What to Expect When Raising a Child with CP
If your child has been diagnosed with cerebral palsy, there are some things that you should expect. Some of the hardships that your family will face will be financial. Others will be personal and emotional.
Cerebral palsy always entails quite a few challenges, but with good information and good resources, the majority of people with cerebral palsy go on to live very rich and fulfilling lives.
Because cerebral palsy is the result of a brain injury, there is no “cure.” The good news is that cerebral palsy is not degenerative. The symptoms may worsen, however, and the child may require more-intensive forms of assistance and medical care as they get older. In most cases, children who are afflicted with this type of birth injury do require some degree of medical assistance (especially in their early years).
Some children with severe forms of cerebral palsy will be dependent upon other people to provide them care for their entire lives. At some point much further down the line, your child may need to find (or have provided to them) a professional caregiver who can take over when you can no longer deliver the level of care that your child needs.
The disorder may also have different manifestations and characteristics, depending on the part of the brain affected. For example, some kids may have problems with gripping and manipulating things with their hands, while others may exhibit balance issues or uncontrolled movements.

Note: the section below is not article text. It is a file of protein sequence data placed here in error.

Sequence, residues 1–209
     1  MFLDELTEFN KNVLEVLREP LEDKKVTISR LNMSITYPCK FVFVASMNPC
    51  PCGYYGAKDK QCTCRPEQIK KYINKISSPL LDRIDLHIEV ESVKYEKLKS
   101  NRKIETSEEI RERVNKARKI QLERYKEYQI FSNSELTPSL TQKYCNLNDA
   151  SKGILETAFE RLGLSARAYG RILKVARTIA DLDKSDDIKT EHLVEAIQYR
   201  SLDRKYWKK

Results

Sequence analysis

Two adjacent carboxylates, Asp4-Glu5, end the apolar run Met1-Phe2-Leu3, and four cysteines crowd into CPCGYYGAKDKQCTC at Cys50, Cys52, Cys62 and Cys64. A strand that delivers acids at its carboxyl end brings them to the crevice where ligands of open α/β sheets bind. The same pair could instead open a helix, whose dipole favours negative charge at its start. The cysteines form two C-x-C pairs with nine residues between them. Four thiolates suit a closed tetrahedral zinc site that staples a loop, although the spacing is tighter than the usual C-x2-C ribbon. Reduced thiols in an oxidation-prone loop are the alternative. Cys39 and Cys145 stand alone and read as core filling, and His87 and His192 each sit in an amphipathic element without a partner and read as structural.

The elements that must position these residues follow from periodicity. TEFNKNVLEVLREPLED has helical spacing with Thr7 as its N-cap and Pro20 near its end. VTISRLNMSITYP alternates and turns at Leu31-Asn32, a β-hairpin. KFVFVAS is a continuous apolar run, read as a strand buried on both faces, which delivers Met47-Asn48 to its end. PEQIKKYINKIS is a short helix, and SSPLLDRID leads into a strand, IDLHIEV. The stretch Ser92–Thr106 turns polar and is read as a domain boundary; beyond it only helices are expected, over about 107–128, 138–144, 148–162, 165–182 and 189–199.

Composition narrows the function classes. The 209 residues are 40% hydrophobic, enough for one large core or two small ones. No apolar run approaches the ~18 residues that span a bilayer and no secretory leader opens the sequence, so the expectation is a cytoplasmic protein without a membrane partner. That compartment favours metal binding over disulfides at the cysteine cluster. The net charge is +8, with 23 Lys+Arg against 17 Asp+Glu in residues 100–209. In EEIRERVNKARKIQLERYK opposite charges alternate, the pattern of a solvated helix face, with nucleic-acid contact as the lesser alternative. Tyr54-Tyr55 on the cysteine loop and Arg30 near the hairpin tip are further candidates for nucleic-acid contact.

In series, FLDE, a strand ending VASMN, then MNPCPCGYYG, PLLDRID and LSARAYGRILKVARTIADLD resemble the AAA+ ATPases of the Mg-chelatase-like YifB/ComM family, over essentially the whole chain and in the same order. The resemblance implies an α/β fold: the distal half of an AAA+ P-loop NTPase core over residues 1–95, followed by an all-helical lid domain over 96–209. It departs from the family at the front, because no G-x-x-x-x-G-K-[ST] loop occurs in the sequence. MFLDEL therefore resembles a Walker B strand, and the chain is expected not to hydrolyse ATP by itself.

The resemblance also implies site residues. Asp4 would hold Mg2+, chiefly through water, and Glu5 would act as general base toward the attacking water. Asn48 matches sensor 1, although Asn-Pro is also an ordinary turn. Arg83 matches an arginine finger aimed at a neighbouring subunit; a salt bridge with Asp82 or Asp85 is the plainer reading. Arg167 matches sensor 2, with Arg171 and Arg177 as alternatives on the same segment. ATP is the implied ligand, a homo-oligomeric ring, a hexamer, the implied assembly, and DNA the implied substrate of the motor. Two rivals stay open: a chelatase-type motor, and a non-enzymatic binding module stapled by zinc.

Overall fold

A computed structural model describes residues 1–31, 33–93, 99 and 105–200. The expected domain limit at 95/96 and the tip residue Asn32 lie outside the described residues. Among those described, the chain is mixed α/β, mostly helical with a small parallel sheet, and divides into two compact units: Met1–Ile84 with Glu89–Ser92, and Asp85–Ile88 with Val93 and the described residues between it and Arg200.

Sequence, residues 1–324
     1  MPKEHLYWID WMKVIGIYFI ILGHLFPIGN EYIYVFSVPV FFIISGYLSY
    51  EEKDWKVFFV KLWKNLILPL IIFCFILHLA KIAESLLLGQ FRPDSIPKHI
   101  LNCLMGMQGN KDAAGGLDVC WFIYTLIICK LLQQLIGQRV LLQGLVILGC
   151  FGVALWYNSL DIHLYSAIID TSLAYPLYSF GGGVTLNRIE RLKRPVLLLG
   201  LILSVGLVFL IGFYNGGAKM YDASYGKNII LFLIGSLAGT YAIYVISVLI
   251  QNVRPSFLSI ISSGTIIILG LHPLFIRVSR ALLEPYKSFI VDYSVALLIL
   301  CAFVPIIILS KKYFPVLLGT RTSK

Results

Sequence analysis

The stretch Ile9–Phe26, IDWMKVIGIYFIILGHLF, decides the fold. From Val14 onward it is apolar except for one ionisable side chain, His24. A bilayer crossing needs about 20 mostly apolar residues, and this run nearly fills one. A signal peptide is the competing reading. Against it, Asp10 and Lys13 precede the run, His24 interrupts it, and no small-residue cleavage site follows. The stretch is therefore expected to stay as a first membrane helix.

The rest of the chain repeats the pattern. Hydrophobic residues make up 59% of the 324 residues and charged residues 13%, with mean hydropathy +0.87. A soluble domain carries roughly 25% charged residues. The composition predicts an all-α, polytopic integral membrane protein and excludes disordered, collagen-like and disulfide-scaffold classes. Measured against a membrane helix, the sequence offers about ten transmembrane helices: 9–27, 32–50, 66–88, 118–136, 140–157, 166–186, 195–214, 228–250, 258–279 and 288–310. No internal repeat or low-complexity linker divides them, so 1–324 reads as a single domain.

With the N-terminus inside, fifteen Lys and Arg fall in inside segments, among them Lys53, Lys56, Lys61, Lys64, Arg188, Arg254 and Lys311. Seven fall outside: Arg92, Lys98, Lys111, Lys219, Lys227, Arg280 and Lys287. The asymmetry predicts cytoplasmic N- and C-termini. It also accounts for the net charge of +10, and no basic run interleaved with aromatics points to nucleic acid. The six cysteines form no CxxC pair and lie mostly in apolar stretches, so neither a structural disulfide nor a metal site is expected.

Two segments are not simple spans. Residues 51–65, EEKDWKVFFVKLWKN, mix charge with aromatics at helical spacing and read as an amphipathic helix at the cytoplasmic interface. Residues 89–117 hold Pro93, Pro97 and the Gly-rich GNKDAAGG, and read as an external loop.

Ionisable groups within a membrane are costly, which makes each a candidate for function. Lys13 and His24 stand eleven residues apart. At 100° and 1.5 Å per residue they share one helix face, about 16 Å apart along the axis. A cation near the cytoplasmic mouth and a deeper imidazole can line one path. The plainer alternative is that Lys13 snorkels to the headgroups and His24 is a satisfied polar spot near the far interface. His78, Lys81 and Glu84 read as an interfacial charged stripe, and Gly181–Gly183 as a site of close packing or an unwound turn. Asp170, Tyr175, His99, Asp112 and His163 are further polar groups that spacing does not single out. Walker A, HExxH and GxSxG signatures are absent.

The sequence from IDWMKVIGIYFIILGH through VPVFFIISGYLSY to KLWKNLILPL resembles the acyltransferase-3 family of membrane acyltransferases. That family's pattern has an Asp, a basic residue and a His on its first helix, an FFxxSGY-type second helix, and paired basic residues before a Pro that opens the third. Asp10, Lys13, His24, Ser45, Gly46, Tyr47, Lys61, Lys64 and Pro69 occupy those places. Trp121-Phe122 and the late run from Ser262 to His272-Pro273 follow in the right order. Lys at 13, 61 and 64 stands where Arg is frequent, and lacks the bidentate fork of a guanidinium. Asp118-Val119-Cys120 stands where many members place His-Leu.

As many as half of all children with cerebral palsy suffer from seizures, often caused by epilepsy. Other common complications that individuals with cerebral palsy might experience as they grow up include hip dislocation, curvature of the spine, incontinence, tooth decay, skin sores, and asthma.
For more-specific information based on the child’s age, see the following pages:
Children with cerebral palsy will often be delayed in terms of developmental milestones. This will be most pronounced in areas such as motor skills. If your child has cerebral palsy, expect them to have a different developmental cycle than most children. Speak with the pediatrician to learn more about this, and keep close contact with your child’s doctor to discuss milestones and expectations.
Mobility & Accessibility Issues
There are several different types of cerebral palsy, and they do tend to have different effects on mobility. When it come to cerebral palsy and walking, some individuals are able to walk unassisted, but with a very shaky, unsteady gait. In other cases, a child may be completely unable to walk at all.
In most cases, children who suffer from CP need some sort of assistive device for getting around. This might be something as simple as a walker or crutches or it might require an electric wheelchair.
Cerebral palsy is primarily known for the effects it has on the muscles. People with CP sometimes have involuntary movements that prevent them from performing tasks such as gripping, lifting, or even walking. Those with cerebral palsy also sometimes have tremors, spasms, and uneven muscle tone that makes certain tasks much more-difficult. Coordination is oftentimes severely impaired.